It’s safe to say I’m a bit of a Chatty Cathy. I adore the art of conversation and believe dynamic conversation results from the meeting of active and curious minds. Every conversation is an invitation to know someone, learn, and feel something. The exchange of knowing, learning, and feeling is a gift received and offered. We can weave our words together into fantastic technicolor dream coats or weaponize them. When we weaponize our words, they are a wound received and offered. For better or worse, words are undeniably powerful.
Words can bob and sway, or press against the current; they can move in tandem or collide head-on. Words can be set loose at high speeds or parsed at a glacial pace; they are effervescent as champagne or thick as molasses. Words can be transparent and shiny or dark and cloudy; they are beautiful or broken.
Growing up in my family, the mantra was: Children should be seen and not heard. My words were stifled. I could not speak at the dinner table, during holiday gatherings, when relatives visited, while watching TV, or when riding in the car. I could not talk back, speak up, interrupt, interject, or object. Basically, I was afraid to open my mouth, period.
Not surprisingly, I was labeled the quiet, shy girl in school. It wasn’t until junior high when my family moved to a new street and I befriended three fabulously mouthy, boisterous, loud, and proud girls my age that I found a voice, and I haven’t stopped using it since!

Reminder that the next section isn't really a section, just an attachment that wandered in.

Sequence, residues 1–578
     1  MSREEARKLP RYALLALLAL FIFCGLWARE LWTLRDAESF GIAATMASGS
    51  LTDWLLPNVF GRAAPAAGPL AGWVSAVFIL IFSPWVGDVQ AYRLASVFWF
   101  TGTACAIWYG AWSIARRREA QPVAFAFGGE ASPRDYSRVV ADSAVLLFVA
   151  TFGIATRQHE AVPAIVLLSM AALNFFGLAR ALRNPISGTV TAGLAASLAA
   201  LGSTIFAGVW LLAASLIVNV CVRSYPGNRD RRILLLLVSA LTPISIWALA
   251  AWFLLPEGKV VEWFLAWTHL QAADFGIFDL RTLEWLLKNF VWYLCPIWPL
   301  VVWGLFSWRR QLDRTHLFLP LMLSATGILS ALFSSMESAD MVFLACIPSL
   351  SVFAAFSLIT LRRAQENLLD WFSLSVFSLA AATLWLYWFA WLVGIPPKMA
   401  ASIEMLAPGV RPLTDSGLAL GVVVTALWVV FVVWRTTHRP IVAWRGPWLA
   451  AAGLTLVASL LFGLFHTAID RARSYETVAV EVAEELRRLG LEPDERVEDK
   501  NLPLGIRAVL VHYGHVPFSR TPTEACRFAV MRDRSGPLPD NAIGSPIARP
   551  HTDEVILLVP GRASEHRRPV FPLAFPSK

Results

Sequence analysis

Sure, not everyone has the stamina or penchant for endless hours of delicious conversation – they’re obviously aliens and not to be trusted. Not everyone has the patience to stop for a moment of small talk at the grocery store, in the airport, on the street, or whilst out walking the dog. Again, alien and not to be trusted.
In my book, if an engaging conversation is food for the soul, then casual pleasantries, a quick quip, and brief exchanges with would-be strangers are “soul snacks”. Words are the morsels we feed each other, and, since the emergence of COVID, some of us have been on a severely restricted diet – maybe even starving and near death! Okay, I’m prone to the dramatic, but for those who live alone or have been quarantined, it definitely ain’t easy.
Perhaps among the plethora of contributing factors, suffering less face-to-face conversation has fueled the abundance of online verbal venom. People seem to be using words more than ever, but are far less empathetic, understanding, generous, and kind during a time we need such compassion the most. As a lover of words and conversation, I’m up for productive debate, but will not author hate. Remember that the next time you’re online: Productive debate, not hate.
In good times or bad, don’t overlook the largeness of small talk, the cheerfulness of chit-chat, or the nourishment of full-frontal conversation. Let your words be your gift to the world.